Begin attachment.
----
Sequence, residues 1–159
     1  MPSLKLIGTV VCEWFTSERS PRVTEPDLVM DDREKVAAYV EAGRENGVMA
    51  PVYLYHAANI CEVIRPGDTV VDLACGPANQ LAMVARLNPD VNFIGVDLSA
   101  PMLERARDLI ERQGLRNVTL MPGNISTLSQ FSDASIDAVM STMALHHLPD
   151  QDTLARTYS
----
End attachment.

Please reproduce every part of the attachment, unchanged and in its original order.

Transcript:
Sequence, residues 1–159
     1  MPSLKLIGTV VCEWFTSERS PRVTEPDLVM DDREKVAAYV EAGRENGVMA
    51  PVYLYHAANI CEVIRPGDTV VDLACGPANQ LAMVARLNPD VNFIGVDLSA
   101  PMLERARDLI ERQGLRNVTL MPGNISTLSQ FSDASIDAVM STMALHHLPD
   151  QDTLARTYS